The impact of COVID-19 lockdown on disordered eating behaviors: the mediation role of psychological distress

Eat Weight Disord. 2022 Feb;27(1):179-188. doi: 10.1007/s40519-021-01128-1. Epub 2021 Mar 13.

Abstract

Purpose: This study aimed to explore the early associations between the experienced psychosocial impact of the COVID-19 pandemic crisis during lockdown, depressive symptomatology, anxiety/stress levels, and disordered eating behaviors in adults during a first COVID-19 lockdown period.

Methods: This was a community-based cross-sectional study assessing 254 Portuguese adults (82.7% women; 35.82 ± 11.82 years) 1 week after the end of the first mandatory COVID-19 lockdown in Portugal. An online survey was conducted to evaluate psychological distress, disordered eating, and psychosocial impact of the COVID-19 pandemic. Pearson correlations and Structural Equation Modeling were performed.

Results: Participants reported the presence of meal skipping (52.8%), grazing eating behavior (80.9%), overeating (81.0%), loss of control over eating (47.2%), and binge eating episodes (39.2%) during lockdown. Structural equation modeling analyses, controlling for age and sex, indicated that there was a significant indirect effect of the experienced psychosocial impact of COVID-19 pandemic on disordered eating behaviors mediated through psychological distress.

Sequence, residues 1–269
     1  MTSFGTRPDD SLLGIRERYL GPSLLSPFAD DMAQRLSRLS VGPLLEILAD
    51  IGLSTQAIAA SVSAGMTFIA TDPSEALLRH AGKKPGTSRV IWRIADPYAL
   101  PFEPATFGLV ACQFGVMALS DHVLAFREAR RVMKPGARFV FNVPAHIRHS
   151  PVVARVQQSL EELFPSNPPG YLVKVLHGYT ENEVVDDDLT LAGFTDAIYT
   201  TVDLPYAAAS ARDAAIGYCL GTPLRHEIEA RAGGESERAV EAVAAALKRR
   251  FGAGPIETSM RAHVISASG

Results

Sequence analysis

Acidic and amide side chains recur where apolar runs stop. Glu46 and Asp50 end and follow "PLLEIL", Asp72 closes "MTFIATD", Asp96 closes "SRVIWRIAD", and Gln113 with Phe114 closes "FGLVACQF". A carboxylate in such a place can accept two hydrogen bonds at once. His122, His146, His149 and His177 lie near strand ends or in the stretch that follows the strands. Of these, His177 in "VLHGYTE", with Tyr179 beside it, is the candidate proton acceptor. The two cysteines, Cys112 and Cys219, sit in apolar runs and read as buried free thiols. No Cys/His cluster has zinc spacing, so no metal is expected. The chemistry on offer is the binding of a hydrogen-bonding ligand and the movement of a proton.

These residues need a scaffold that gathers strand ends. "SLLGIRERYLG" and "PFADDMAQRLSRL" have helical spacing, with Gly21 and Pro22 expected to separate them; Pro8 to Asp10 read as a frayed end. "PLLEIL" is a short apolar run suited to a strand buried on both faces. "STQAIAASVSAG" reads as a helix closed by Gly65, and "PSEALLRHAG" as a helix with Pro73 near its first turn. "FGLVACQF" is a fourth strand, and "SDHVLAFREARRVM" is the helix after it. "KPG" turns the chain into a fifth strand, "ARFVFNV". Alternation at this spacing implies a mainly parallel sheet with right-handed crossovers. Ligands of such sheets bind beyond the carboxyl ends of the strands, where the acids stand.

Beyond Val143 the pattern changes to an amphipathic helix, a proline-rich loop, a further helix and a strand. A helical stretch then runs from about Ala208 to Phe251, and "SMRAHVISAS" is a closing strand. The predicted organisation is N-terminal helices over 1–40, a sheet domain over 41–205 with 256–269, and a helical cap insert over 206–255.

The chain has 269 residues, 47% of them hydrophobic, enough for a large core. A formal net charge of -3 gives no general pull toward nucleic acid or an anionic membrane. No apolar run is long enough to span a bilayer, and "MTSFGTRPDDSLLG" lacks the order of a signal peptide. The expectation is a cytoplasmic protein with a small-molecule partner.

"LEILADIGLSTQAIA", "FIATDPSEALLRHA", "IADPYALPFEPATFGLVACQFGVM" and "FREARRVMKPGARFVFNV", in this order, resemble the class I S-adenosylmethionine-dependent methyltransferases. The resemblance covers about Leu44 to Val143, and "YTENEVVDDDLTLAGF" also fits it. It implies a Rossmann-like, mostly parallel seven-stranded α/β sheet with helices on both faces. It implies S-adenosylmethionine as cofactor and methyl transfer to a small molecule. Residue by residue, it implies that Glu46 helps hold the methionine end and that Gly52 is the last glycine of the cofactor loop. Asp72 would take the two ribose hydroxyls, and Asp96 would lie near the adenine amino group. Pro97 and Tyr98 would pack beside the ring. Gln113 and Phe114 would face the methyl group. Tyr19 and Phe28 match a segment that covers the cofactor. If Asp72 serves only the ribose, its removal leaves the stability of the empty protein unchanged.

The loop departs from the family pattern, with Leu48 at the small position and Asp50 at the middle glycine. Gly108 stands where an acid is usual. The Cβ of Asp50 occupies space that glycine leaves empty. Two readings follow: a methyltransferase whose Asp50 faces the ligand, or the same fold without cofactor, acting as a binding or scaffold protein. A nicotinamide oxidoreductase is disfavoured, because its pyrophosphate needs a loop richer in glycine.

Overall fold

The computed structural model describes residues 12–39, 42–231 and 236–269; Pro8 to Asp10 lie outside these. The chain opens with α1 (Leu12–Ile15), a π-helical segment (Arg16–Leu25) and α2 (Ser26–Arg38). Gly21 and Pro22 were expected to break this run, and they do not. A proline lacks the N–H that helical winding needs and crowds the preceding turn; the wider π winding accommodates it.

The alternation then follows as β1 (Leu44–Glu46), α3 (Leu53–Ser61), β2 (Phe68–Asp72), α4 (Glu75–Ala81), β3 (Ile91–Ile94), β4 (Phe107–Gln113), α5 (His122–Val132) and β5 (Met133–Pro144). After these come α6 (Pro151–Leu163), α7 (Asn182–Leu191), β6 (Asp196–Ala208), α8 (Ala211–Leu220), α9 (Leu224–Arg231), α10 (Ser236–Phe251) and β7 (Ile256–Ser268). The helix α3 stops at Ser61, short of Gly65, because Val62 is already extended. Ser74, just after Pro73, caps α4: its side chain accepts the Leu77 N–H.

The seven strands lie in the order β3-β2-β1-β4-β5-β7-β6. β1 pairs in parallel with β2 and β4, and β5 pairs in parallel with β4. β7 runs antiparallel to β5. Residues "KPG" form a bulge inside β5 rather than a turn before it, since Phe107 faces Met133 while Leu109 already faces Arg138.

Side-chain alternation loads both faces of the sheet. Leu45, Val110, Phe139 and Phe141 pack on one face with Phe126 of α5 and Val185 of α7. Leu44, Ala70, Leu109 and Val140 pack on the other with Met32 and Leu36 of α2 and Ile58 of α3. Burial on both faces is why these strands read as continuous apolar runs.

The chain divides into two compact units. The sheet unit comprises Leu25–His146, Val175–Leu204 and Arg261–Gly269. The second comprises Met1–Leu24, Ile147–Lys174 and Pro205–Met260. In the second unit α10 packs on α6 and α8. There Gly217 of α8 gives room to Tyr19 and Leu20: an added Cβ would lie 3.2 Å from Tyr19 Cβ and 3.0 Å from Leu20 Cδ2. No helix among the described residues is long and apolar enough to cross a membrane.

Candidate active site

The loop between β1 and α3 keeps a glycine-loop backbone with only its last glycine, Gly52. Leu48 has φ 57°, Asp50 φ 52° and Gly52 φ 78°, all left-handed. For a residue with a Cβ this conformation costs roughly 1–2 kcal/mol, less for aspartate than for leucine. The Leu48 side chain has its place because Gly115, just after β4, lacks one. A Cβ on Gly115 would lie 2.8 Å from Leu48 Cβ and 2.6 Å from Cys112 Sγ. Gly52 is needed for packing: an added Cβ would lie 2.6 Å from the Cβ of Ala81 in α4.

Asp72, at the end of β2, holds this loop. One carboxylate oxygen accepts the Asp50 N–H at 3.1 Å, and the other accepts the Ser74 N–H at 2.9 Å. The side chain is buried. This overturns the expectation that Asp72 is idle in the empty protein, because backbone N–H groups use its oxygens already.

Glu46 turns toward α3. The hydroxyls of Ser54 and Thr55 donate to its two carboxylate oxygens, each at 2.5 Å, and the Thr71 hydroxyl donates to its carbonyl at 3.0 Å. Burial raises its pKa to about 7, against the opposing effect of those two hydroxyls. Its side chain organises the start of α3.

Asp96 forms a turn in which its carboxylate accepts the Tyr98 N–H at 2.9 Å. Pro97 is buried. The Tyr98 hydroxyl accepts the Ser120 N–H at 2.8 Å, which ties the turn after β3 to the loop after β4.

Conclusion: The psychosocial impact of the COVID-19 pandemic crisis may lead to disordered eating, and this relation may occur through the elevation of psychological distress. These findings can be used to inform interventions, to enhance mental health and manage disordered eating during similar future situations. Level of evidence V: cross-sectional descriptive study.

Keywords: COVID-19 lockdown; Eating behaviors; Mediation; Psychological distress; SEM.

MeSH terms

  • Adult
  • COVID-19*
  • Communicable Disease Control
  • Cross-Sectional Studies
  • Feeding and Eating Disorders*
  • Female
  • Humans
  • Male
  • Pandemics
  • Psychological Distress*
  • SARS-CoV-2